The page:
I’m used to collaborating. For the last five years, I’ve worked as head script writer at an animation studio. My team and I don’t just bounce around ideas, we send each other our scripts to tweak, polish and add extra jokes. And 97% of the time, it works amazingly well. The other 3% of the time, you smack your colleague up side the head for daring to change your line of sheer genius and revert it back, stat.

Once a script is approved, it goes to design, then storyboard, then animation and the wonder of the thing is seeing what other people do with your ideas, the way they interpret it, the way they make it their own. It’s a wonderful chemistry of collaboration.

Inspired by Evan’s suggestion, I approached the winners of the Moxyland short story competition (winning entries are featured in the back of Zoo City) to guest write some of the found objects chapters. I sent them all a copy of the manuscript and they discussed ideas with me and then came up with their own unique takes on my universe.

The results were amazing – and, best of all, surprising.

Sam Wilson wrote one of the most poignant chapters in the book – the prison interviews – that succinctly explains what the animalled are and what their lives are like as criminals, but also victims.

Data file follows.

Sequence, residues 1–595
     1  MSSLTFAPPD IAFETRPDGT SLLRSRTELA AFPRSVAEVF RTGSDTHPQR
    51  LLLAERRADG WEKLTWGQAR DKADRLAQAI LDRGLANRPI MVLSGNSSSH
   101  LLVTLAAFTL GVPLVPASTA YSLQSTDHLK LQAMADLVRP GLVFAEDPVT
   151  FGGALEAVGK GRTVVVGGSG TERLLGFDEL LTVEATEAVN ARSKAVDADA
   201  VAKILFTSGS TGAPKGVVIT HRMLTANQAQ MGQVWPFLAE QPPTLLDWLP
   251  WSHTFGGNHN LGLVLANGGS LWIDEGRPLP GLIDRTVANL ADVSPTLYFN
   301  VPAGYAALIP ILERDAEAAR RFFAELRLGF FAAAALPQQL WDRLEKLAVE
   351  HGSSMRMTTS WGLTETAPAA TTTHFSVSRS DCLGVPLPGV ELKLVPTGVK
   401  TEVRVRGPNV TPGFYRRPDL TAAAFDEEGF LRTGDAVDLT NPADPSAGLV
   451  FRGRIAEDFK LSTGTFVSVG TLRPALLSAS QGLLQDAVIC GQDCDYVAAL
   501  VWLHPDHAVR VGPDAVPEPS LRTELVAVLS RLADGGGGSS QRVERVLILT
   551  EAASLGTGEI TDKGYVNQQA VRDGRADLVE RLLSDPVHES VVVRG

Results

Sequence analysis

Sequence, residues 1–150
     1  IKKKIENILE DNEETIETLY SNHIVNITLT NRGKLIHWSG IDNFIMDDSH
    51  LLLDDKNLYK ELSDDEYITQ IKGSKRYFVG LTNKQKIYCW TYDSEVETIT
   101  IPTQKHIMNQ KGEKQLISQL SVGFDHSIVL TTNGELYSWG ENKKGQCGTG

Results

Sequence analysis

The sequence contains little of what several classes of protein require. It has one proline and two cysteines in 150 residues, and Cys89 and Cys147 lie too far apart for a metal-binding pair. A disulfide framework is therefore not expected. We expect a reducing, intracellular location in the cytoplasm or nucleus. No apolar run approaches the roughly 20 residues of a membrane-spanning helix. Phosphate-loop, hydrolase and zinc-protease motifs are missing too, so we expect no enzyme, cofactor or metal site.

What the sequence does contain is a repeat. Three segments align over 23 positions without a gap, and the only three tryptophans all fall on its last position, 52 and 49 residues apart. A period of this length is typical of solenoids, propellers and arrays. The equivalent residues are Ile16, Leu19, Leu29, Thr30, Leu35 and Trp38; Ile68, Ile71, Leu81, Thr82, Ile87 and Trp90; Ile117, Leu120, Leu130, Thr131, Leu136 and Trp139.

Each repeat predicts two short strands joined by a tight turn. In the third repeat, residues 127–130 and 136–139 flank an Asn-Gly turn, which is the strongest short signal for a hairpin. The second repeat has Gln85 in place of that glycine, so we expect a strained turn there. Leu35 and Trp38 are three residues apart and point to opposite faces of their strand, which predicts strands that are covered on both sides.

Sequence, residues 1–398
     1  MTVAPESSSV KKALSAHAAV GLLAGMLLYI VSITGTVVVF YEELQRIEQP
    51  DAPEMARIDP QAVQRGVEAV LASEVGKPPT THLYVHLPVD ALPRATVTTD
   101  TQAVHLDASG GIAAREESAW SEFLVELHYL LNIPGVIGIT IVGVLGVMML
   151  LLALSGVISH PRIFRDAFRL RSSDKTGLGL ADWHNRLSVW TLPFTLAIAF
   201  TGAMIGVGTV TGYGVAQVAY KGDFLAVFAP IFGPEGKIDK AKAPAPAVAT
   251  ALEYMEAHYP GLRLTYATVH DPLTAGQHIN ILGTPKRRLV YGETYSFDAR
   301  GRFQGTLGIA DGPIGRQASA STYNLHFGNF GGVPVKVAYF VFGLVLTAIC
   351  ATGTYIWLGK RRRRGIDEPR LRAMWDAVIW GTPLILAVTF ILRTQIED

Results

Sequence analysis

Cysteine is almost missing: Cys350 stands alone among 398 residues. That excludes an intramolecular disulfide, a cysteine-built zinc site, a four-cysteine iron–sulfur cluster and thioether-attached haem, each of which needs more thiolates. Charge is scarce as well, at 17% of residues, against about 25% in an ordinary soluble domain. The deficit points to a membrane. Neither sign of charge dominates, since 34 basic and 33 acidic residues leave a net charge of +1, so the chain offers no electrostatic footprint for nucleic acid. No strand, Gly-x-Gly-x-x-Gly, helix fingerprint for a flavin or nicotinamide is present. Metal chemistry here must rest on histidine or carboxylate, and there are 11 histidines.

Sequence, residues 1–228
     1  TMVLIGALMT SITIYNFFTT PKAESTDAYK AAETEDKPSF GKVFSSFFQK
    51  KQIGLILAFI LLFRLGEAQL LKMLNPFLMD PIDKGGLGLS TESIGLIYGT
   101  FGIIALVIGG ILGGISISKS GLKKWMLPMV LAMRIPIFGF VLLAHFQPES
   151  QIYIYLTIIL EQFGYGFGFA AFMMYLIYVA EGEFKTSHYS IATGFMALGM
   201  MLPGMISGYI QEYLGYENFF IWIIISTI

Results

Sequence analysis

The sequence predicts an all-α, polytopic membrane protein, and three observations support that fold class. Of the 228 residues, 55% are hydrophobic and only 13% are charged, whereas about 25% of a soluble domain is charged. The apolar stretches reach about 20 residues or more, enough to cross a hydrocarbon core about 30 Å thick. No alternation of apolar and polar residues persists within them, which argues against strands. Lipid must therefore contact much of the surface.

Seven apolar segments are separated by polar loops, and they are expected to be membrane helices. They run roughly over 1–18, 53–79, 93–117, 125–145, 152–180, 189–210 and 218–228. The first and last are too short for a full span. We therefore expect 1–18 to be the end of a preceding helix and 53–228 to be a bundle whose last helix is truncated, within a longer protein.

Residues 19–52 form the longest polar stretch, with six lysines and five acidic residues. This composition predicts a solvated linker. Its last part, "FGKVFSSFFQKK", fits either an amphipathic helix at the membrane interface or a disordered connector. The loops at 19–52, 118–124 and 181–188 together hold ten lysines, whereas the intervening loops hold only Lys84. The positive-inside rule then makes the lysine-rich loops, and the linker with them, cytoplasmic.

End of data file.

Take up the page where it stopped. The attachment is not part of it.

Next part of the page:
Excerpt from Caged: Animalled Behind Bars


“It’s crazy in here. I know you can’t tear a man from his animal. Ain’t right. But some of these n***rs got real wild animals, man. One guy’s got a Cougar. You can’t tell me that’s right, letting a prisoner walk around with a Cougar.

There’s an order to things, too. Don’t matter what you did, you got a bad-ass animal in here, you’re a bad-ass too. And it don’t matter how many people you killed, you got a Chipmunk or a Squirrel, you’re gonna be a bitch. Way it is.

Then there’s me. I got a Butterfly. Keep it in a matchbox. I oughta be pissed off, man, you can guess what it’s like being in here with a Butterfly. Except for the stuff it lets me do.